Toronto Region consortium launches bid for Amazon’s new North American headquarters

Toronto skyline

The cities of Toronto, Mississauga and Brampton — as well as the regions of Durham, Halton and York — are vying for Amazon’s new HQ2 headquarters.

The six municipalities formally announced their joint bid for Amazon’s new headquarters in a September 13th, 2017 media release.

The consortium is being led by Toronto Global, a federally and provincially funded consultation group aimed at improving Toronto’s economic appeal.

Appealing to Amazon’s needs

According to Brampton mayor Linda Jeffrey, the consortium began discussing the bid roughly one week ago, soon after Amazon announced that they were looking for a second host city.

“Land requirements, workforce, proximity, transportation, airport, the partnerships we already have as a big city were ideal,” said Jeffrey, in a phone call with MobileSyrup. “We’ve had a conversation with the other mayors…[and] regional chairs to say ‘Let’s do this.’”

Jeffrey believes that her city, as well as the other five members of the joint bid, is more than qualified to host a second major Amazon headquarters, largely due to the region’s strong economy, talent pool and tech sector presence.

“We’re going to heed their requests exactly, in fact I think we’re going to exceed it in some areas,” said Jeffrey.

Amazon already does business in the Toronto region, with two facilities in Brampton, one in Mississauga, one in Milton, as well as a corporate office in Toronto.

In an email, Mississauga mayor Bonnie Crombie said that “Mississauga and the Toronto would be the leader destination for Amazon to invest, expand service offerings and further cement its reputation as a global business giant.”

“Mississauga and Toronto Region have highly skilled talent, national infrastructure and access to international markets that will ensure Amazon can meet and exceed the demands of its global customers,” said Crombie.

Looking beyond the GTA

As for cities slightly outside the Greater Toronto Area (GTA) — like Guelph, Kitchener and Waterloo — Jeffrey explained that she’d be open to their involvement. However, she added that the consortium does not “have time to hope that cities can scale up and help this company grow.”

“I appreciate that cities outside the Toronto would like to bid and I’m sure they will,” said Jeffrey. “We’re stronger together…this is like an Olympics bid.”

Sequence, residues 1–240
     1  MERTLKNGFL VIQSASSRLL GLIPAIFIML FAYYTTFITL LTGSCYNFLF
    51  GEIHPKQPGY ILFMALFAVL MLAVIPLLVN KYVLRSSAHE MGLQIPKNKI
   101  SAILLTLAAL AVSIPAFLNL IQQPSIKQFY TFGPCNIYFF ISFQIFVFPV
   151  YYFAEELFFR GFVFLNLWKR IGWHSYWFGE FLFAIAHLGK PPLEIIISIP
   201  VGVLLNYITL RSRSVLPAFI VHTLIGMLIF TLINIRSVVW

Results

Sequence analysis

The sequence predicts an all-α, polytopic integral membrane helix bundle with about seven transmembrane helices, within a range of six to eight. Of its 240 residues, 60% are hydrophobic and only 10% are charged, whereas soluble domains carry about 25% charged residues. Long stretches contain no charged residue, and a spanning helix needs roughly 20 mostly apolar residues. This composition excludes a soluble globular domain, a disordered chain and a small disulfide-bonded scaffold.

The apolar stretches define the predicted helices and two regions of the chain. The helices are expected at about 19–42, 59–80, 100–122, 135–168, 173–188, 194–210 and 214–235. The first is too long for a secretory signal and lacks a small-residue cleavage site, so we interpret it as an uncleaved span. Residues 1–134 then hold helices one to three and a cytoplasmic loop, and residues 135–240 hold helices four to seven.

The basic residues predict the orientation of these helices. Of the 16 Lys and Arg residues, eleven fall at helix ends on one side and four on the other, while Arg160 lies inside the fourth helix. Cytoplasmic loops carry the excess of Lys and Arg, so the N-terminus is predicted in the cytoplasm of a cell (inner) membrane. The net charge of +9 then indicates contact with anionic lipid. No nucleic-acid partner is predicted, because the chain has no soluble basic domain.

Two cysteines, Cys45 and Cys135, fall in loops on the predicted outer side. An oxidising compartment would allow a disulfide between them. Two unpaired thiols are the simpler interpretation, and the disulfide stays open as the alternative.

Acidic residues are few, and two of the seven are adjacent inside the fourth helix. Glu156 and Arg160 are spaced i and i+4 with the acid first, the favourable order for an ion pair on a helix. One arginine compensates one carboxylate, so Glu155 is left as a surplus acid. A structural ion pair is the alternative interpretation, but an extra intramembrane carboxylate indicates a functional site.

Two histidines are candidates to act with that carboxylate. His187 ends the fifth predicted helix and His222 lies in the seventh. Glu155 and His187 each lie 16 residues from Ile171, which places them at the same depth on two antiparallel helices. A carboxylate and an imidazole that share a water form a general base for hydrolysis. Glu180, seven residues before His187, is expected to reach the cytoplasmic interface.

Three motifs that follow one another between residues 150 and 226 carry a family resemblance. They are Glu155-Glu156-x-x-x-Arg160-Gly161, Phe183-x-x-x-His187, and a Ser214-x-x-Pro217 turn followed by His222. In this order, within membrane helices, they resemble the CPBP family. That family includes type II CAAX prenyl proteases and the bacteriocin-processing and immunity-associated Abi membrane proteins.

In an interview with CBC News, Toronto mayor John Tory expressed interest in having Waterloo join in a bid.

“When you add up all the things we have in the region and if you had the good fortune to get Waterloo to go along, we will have a bid that is as competitive as any other bid will be,” said Tory, to the CBC.

Addressing the critics — and the competition

As for those who have expressed disapproval of the attempt to woo Amazon into investing in Canada, Jeffrey said that her thoughts are primarily focused on developing her city’s economy.

“I think the effort is worth it to bring future economic development to my city,” said Jeffrey. “My sense is that whenever an opportunity [arises] for me to bring economic development, innovation and investment to my city, I’m there.”

Ontario’s minister of economic development and growth, Brad Duguid, also defended the decision to make a bid.

“If Amazon comes to Ontario, the whole province wins,” said Duiguid, in an email to MobileSyrup.

The Toronto-region consortium is currently just one of several municipalities in North America currently vying for Amazon’s attention.

Vancouver has also expressed an interest in proposing a bid, while the Toronto Star’s Vjosa Isai reported that Boston, Pittsburgh, Chicago and Detroit all have plans to bid.

“We know that we face fierce competition from jurisdictions across North America, but we believe that Ontario is an excellent location for Amazon to set up its second North American HQ and provide 50,000 skilled jobs for Ontarians,” said Duguid. “Over the next month, we will continue to work across all levels of government to present the best case for coming here.”

A distinctly Canadian sensibility

Toronto Global’s board chair Mark Cohon also said that Toronto’s inclusivity makes it an especially strong contender. He emphasized the city’s “mosaic community” and its 51-percent foreign-born population as especially attractive.

Toronto Global has until October 19th, 2017 to submit a formal bid to Amazon.

In the meanwhile, the company has tasked the six municipalities with coming up with a list of sites capable of hosting Amazon’s sprawling ambitions.

“We’re going through a process with the members of Toronto Global,” said Mark Cohon, the chair of Toronto’s board of directors, in a phone call with MobileSyrup.

Source: Toronto Global

Image courtesy of Flickr user Matthieu Jolivet

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